- The VR training tasks were made more difficult by increasing the speed of the programme and increasing the amount the platform titled by.
Participants were assessed by a qualified physical therapist at the start of the study and at the end. The assessments included several tests such as the Berg Balance Scale, the Four Square Step Test and the Falls Efficiency Scale International. Each participant was also assessed on a specialised treadmill that takes walking measurements, the distribution of weight between the left and right sides and also allows other tests to be performed.
What was found
The study found that following six weeks of training, balance was improved in both groups showing both traditional balance training and VR training can improve balance. The participants who had taken part in the VR training also had less fear that they would have a fall.
What does it mean?
This study shows that VR training can improve balance in people with MS and reduce their fear of falling. The authors suggest that the VR system has several benefits, including providing realistic environments and as these can be controlled and they have safety features they can help build someone’s confidence in a safe environment. Additionally as the VR system is designed for people with medical conditions it can be used to target areas where someone might be having difficulty, such as with balance.
The researchers conclude that VR training could be used to help improve balance in people with MS, but further research would be needed to see if the balance improvements last over the long term. They suggest that due to the size and cost of such systems the potential for their use is limited to larger medical centres, but they suggest for some it could be a complementary approach to help improve balance.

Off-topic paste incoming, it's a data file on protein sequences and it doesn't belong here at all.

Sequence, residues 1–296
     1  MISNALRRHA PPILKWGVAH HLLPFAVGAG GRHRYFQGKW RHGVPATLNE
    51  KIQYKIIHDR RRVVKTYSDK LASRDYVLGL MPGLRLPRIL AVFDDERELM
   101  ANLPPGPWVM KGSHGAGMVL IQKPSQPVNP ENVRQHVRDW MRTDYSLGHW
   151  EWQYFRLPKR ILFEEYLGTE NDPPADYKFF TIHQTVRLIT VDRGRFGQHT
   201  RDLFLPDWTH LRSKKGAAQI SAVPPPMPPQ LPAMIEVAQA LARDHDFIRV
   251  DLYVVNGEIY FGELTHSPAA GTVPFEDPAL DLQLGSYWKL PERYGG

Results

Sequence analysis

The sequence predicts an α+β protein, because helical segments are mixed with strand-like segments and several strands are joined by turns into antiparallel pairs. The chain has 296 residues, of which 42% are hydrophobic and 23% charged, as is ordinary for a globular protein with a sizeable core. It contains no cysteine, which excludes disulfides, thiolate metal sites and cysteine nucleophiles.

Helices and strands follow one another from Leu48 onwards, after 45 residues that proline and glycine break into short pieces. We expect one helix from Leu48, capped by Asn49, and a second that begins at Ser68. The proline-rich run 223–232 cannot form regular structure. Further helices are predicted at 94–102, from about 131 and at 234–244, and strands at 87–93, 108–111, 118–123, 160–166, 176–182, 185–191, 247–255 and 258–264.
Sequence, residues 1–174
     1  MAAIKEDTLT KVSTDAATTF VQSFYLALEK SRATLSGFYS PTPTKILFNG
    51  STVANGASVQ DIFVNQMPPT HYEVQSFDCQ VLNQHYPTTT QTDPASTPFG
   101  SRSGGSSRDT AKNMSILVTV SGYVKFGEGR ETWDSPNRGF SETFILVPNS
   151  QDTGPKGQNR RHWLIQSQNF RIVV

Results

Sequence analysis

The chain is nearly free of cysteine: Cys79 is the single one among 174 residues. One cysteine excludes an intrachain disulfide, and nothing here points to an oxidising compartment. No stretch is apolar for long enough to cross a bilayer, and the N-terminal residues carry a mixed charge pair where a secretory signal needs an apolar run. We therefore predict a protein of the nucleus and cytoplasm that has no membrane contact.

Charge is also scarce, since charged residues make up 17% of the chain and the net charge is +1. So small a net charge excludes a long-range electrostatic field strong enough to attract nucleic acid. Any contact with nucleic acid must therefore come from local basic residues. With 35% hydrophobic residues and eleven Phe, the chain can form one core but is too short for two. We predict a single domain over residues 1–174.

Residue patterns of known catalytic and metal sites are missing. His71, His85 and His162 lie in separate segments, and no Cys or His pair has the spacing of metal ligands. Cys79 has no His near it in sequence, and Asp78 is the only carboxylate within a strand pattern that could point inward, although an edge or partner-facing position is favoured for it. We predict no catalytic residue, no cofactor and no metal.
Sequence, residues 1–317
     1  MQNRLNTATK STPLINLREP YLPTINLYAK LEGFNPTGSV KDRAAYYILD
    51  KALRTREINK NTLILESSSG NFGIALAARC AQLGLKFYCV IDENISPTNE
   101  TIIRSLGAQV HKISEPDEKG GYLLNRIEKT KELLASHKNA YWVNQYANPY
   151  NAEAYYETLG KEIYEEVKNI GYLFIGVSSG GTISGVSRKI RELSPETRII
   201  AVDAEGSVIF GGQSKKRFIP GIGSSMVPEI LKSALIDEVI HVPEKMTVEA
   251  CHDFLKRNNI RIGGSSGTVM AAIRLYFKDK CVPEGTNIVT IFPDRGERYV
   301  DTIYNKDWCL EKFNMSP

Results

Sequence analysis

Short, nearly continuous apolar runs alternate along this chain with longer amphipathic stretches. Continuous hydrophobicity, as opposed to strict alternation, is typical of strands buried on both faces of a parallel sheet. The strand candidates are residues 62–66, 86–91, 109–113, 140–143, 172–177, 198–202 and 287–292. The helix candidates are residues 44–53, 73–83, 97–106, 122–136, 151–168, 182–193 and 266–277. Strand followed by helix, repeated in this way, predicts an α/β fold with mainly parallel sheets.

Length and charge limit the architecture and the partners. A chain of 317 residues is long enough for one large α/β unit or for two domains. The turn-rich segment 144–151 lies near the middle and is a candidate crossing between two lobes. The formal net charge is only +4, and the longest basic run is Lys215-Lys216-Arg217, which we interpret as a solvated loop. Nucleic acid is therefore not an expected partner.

Kalron A, Fonkatz I, Frid L, et al.
The effect of balance training on postural control in people with multiple sclerosis using the CAREN virtual reality system: a pilot randomized controlled trial.
J Neuroeng Rehabil. 2016 Mar 1;13(1):13. doi: 10.1186/s12984-016-0124-y.
Read the full text of this paper
More about balance
MS can affect balance in a number of ways, both directly and indirectly.
Balance problems can be caused by interruptions to the communication between the brain and the rest of the body. A lesion may mean messages coming to and from the brain from other parts of the body do not get through properly and so the brain cannot process the information correctly as it only has part of the picture. A good example of this is dizziness and vertigo. In MS, these symptoms are caused by damage to areas that coordinate perception and the response to visual and spatial information. The damage causes a breakdown in the coordination, which makes it difficult to remain upright, even when standing still and being supported.
Sensory problems may affect the way in which someone walks and therefore affect their balance. For example, numbness can mean an individual cannot tell how their feet are touching the ground, or pain may mean they walk more tentatively or try not to put too much weight through the painful leg, making them walk in an unstable and unbalanced way.
There are also a number of other MS symptoms which can worsen balance and increase the risk of falling. These include, weakness and numbness, muscle stiffness, spasticity and spasms, tremor, visual problems and fatigue.
Because there are a number of factors which can affect balance, it is important that balance problems are investigated thoroughly by a physiotherapist or other health professional. They can then suggest treatments to improve balance.
Balance problems can be managed to some extent by being aware of factors that make balance worse and being aware of potential factors that might increase the risk of a fall. These issues are discussed in the MS Trust's book Falls: managing the ups and downs of MS.